Coronavirus partly to blame for slower economic growth, higher deficit projected by PBO

The Parliamentary Budget Officer (PBO) is expecting a higher federal deficit for 2019-20 than it did in November, due in part to slower growth it anticipates the coronavirus epidemic will cause, as well as the unpredictability that comes with the worldwide health scare.

“We assume that the coronavirus (2019-nCoV) will lower real GDP growth by 0.3 percentage points in the first quarter of 2020. That said, estimates of the overall impact of the coronavirus are highly uncertain at this time,” the report from the office of Parliamentary Budget Officer Yves Giroux that was published on Thursday said.

PBO is projecting gross domestic product (GDP) growth of 1.5 per cent in the first quarter of 2020, compared to the 1.8 per cent it estimated in November.

PBO’s deficit projection for 2019-20 is $23.5 billion, which is a $2.3 billion larger shortfall than its November estimate, but still a several-billion dollar rosier outlook than the government forecasted in its December economic and fiscal update.

Its report outlines that because Canada is not one of the “most affected” countries by the coronavirus that the impact on its economy could be diminished compared to other countries. That factor, and that Canada’s medical community appears to be better prepared to deal with the coronavirus than it was during the SARS scare of 2003, led the PBO to believe the Canadian economy won’t suffer to the degree that it did during that outbreak.

However, since China – where the epidemic began and the death toll has approached 1,400 and the total number of patients has climbed to nearly 60,000, according to recently available figures – is much more important to the global economy than it was during SARS, “disruptions to China’s production could cause wide-ranging shortages and delays in global supply chains,” the PBO says.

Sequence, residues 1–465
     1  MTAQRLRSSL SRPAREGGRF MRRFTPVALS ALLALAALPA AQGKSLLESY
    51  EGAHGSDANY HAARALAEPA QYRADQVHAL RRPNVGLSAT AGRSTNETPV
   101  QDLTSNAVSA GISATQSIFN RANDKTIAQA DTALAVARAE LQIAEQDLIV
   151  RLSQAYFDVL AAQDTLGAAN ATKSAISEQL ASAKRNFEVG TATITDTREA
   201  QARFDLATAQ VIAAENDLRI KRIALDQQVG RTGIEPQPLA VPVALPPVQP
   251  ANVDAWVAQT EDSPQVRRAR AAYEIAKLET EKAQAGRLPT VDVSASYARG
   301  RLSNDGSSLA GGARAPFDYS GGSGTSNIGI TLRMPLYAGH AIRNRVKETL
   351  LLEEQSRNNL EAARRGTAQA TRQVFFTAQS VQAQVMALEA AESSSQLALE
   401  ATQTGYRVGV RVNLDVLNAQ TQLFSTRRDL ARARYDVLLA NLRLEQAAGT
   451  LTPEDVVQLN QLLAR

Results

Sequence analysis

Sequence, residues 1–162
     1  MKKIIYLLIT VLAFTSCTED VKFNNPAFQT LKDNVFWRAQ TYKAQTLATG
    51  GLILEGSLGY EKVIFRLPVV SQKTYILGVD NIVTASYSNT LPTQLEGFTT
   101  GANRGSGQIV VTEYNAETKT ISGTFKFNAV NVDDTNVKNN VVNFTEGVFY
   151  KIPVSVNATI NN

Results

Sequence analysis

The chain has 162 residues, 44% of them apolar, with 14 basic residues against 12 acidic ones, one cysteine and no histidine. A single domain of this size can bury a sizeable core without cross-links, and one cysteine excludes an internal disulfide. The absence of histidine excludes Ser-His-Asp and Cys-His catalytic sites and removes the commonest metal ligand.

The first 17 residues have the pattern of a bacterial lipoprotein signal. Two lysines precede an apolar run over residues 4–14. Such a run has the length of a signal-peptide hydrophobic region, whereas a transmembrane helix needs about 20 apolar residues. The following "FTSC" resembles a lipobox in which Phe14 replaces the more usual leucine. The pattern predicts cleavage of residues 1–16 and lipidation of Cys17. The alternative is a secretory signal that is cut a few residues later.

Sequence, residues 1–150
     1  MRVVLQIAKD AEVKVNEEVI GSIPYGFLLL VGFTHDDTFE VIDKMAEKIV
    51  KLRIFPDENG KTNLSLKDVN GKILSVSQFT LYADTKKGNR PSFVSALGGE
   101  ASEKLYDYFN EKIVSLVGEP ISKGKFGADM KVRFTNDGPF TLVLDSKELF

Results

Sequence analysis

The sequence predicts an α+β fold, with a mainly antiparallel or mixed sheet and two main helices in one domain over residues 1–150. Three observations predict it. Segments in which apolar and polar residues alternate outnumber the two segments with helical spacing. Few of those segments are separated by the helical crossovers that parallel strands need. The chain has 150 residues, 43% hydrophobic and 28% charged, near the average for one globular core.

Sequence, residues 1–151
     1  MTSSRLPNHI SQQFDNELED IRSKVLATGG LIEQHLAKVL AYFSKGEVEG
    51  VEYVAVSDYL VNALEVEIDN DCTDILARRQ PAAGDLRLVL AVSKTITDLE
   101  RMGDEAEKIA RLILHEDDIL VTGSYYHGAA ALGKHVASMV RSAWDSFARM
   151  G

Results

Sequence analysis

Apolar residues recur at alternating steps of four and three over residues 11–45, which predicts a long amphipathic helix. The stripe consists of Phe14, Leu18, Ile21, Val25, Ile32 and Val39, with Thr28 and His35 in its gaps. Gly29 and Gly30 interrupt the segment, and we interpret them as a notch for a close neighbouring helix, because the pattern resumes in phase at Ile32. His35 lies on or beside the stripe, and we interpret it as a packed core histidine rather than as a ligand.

Its report says GDP growth will be hurt both directly (in industries like air transportation, and hospitality) and indirectly (through supply chain disruptions and hurt commodity prices) by the coronavirus epidemic.

READ MORE: PBO sounds alarm on federal spending practices

The report also notes that Canada’s GDP suffered a slowdown at the end of last year. This, its report says, was due to temporary disruptions to mining, oil and gas, motor vehicle and rail transportation sectors. PBO projects that Canada’s gross domestic product (GDP) grew by only 0.3 per cent in the fourth quarter of last year after GDP increased by 1.3 per cent in the 2019’s third quarter.

The PBO’s projections of GDP inflation also underwent similar shrinkage compared to the November projection. This caused the office to project that the government’s tax base would be $4 billion lower in 2019 than it had projected in November.

The PBO also says in the economic and fiscal monitor report it released on Thursday that there are an additional $1.6 billion of measures the office hadn’t accounted for that the federal government announced in its December fiscal update. There were another $2.5 billion worth of new spending measures announced by the government that the PBO had accounted for in its November projection, as well as another $0.8 billion in higher operating developments that are partially offset due to stronger revenues.

Despite the downturn towards the end of the last year, the PBO expects the government to collect $340.9 billion in budgetary revenues this fiscal year, which is $0.5 higher than in the November outlook. Personal income tax levels projected at $1.2 billion higher than November can be credited for higher government revenues. They’re offset slightly by lower-than expected tax revenues from import duties following the removal of tariffs the government had on U.S. products that included steel and aluminum.

The federal government’s total program expenses are $340.9, matching that of its revenues. On top of the government’s program expenses are another $23.5 billion in public debt charges, which is identical to what PBO projects as being its deficit this year.

READ MORE: Feds in for challenges in quickly reaching $1.5B savings target from spending review: PBO

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